Importance of Folate Blood Testing          

Knowing your folate levels can be a key factor in personalized nutrition and health. Too little folate can lead to health issues, but too much, especially in the form of synthetic folic acid, can also pose risks.

For those interested in monitoring their folate levels, your healthcare provider and services like https://www.ultalabtests.com/partners/prevailovercancer/  offer convenient testing options. Remember, it's essential to discuss your results and any supplement changes with your healthcare provider.

Natural Sources of Folate

While supplements can be beneficial, obtaining nutrients from your diet ensures you're getting them in their most natural form.

Incorporating folate-rich foods into your diet, such as legumes (beans and lentils), spinach, kale, arugula, and asparagus can help you maintain optimal levels without the need for synthetic supplements.

In your journey towards health, knowledge is power. By choosing the right form of folate and understanding the potential benefits and risks we can make informed decisions that support our health and well-being.

Folate Cancer Summary

My goal for myself and my clients is to avoid synthetic folic acid-enriched foods and supplements, consume plenty of anticancer folate-rich foods, take a moderate amount of methyl-folate (<400 mcg), and monitor folate and homocysteine blood levels.

Get the rest of the story. Go to my blog and learning center and download my guide Vitamins and Minerals that Cause Cancer.


This information is for educational purposes. As with any information on the internet and social media, you should consult with your healthcare providers before making changes in your treatment program.

These statements have not been evaluated by the Food and Drug Administration. Supplements are not intended to diagnose, treat, cure, or prevent any disease.

Reference Sources Include

[i] Zeng Y, Teo J, Lim JQ, et al. Determination of N-nitroso folic acid in folic acid and multivitamin supplements by LC-MS/MS. Food Addit Contam Part A Chem Anal Control Expo Risk Assess. 2024;41(1):1-8. doi:10.1080/19440049.2023.2292603 https://www.tandfonline.com/doi/full/10.1080/19440049.2023.2292603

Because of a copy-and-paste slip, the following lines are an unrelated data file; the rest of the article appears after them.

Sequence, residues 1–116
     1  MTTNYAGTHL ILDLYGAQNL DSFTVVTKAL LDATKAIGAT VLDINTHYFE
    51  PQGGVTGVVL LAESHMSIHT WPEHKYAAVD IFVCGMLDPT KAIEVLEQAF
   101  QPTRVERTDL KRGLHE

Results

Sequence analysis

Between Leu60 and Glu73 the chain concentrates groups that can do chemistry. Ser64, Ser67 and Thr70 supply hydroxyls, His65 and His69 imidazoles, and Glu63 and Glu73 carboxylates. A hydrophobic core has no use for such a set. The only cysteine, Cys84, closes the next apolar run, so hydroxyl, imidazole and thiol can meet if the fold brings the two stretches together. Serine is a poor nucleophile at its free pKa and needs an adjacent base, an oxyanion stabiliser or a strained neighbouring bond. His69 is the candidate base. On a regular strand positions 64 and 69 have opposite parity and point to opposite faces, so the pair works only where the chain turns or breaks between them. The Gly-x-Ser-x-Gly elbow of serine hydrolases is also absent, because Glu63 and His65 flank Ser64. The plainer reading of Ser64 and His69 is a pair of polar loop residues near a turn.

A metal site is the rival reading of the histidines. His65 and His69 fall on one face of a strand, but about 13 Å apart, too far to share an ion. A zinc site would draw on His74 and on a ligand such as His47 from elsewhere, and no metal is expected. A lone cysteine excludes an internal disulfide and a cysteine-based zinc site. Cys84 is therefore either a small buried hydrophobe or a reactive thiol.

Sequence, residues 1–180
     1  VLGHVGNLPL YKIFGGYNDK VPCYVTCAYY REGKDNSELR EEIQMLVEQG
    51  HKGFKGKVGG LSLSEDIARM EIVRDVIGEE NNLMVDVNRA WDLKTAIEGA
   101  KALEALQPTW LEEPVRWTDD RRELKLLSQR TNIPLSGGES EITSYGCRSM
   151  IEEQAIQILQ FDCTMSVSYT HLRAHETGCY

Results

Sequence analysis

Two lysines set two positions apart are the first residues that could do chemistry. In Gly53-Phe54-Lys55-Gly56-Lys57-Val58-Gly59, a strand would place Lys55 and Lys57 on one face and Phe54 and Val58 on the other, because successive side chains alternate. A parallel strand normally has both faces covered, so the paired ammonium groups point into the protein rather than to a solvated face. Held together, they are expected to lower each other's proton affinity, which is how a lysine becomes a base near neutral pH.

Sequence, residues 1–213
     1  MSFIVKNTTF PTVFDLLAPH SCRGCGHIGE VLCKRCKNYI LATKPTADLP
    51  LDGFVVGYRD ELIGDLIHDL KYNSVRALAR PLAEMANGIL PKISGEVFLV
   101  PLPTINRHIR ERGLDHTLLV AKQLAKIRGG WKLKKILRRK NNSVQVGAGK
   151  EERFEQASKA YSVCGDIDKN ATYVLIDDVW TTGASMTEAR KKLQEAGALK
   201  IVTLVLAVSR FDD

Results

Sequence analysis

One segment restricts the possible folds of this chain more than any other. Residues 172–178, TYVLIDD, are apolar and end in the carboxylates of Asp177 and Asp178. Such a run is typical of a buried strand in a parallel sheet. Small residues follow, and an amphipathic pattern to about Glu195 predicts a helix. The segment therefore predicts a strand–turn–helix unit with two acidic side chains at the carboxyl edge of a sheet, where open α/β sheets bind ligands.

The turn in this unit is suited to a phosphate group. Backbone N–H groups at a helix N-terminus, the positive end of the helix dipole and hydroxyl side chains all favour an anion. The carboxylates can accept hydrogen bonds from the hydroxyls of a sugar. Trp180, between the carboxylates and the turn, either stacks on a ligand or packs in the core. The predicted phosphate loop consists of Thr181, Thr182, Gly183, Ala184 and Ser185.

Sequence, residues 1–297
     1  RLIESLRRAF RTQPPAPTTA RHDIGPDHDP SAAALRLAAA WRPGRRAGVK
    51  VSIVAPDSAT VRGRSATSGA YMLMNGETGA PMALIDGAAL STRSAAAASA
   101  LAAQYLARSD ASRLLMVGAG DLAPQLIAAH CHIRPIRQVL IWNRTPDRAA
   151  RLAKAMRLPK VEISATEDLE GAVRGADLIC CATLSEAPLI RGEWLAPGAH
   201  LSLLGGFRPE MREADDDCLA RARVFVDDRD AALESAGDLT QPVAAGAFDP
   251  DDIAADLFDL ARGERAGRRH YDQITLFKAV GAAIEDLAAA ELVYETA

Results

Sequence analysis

[ii] Cantarella CD, Ragusa D, Giammanco M, Tosi S. Folate deficiency as predisposing factor for childhood leukaemia: a review of the literature. Genes Nutr. 2017;12:14. Published 2017 Jun 2. doi:10.1186/s12263-017-0560-8

[iii] Arthur RS, Kirsh VA, Rohan TE. Dietary B-Vitamin Intake and Risk of Breast, Endometrial, Ovarian and Colorectal Cancer among Canadians. Nutr Cancer. 2019;71(7):1067-1077. doi:10.1080/01635581.2019.1597904 https://www.tandfonline.com/doi/full/10.1080/01635581.2019.1597904

[iv] Pieroth, R., Paver, S., Day, S., & Lammersfeld, C. (2018). Folate and Its Impact on Cancer Risk. Current Nutrition Reports, 7(3), 70–84.

[v] Shulpekova Y, Nechaev V, Kardasheva S, et al. The Concept of Folic Acid in Health and Disease. Molecules 2021; 26: 3731

[vi] Stanisławska-Sachadyn A, Borzyszkowska J, Krzemiński M, et al. Folate/homocysteine metabolism and lung cancer risk among smokers. PLoS One. 2019;14(4):e0214462. Published 2019 Apr 2. doi:10.1371/journal.pone.0214462 https://www.ncbi.nlm.nih.gov/pmc/articles/PMC6445430/

[vii] Chen P., Hu P., Li M., Li X., Guo H., Li J., Chu R., Zhang W., Wang H. Folate intake and MTHFR polymorphism C677T is not associated with ovarian cancer risk: Evidence from the meta-analysis. Mol. Biol. Rep. 2013;40:6547–6560. doi: 10.1007/s11033-013-2686-0.

[viii] Ebbing M, Bønaa KH, Nygård O, et al. Cancer incidence and mortality after treatment with folic acid and vitamin B12. JAMA. 2009;302(19):2119-2126. doi:10.1001/jama.2009.1622 https://jamanetwork.com/journals/jama/fullarticle/184898

[ix] Pieroth R, Paver S, Day S, Lammersfeld C. Folate and Its Impact on Cancer Risk. Curr Nutr Rep. 2018;7(3):70-84. doi:10.1007/s13668-018-0237-y